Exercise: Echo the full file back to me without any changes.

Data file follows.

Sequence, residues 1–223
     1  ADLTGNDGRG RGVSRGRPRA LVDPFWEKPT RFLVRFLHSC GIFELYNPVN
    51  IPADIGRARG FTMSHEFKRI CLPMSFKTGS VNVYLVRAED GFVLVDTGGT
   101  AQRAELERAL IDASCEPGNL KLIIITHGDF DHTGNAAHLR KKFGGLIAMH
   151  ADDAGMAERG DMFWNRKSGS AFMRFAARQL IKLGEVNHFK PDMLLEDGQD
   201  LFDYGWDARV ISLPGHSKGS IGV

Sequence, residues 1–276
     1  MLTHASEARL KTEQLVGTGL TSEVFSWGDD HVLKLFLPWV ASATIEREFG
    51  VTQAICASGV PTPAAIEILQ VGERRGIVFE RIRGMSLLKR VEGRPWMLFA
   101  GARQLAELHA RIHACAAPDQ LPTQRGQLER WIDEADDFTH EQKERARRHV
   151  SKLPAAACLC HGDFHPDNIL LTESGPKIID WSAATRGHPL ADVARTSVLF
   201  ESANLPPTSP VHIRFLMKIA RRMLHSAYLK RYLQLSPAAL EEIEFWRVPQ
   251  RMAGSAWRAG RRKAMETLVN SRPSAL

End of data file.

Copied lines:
Sequence, residues 1–223
     1  ADLTGNDGRG RGVSRGRPRA LVDPFWEKPT RFLVRFLHSC GIFELYNPVN
    51  IPADIGRARG FTMSHEFKRI CLPMSFKTGS VNVYLVRAED GFVLVDTGGT
   101  AQRAELERAL IDASCEPGNL KLIIITHGDF DHTGNAAHLR KKFGGLIAMH
   151  ADDAGMAERG DMFWNRKSGS AFMRFAARQL IKLGEVNHFK PDMLLEDGQD
   201  LFDYGWDARV ISLPGHSKGS IGV

Sequence, residues 1–276
     1  MLTHASEARL KTEQLVGTGL TSEVFSWGDD HVLKLFLPWV ASATIEREFG
    51  VTQAICASGV PTPAAIEILQ VGERRGIVFE RIRGMSLLKR VEGRPWMLFA
   101  GARQLAELHA RIHACAAPDQ LPTQRGQLER WIDEADDFTH EQKERARRHV
   151  SKLPAAACLC HGDFHPDNIL LTESGPKIID WSAATRGHPL ADVARTSVLF
   201  ESANLPPTSP VHIRFLMKIA RRMLHSAYLK RYLQLSPAAL EEIEFWRVPQ
   251  RMAGSAWRAG RRKAMETLVN SRPSAL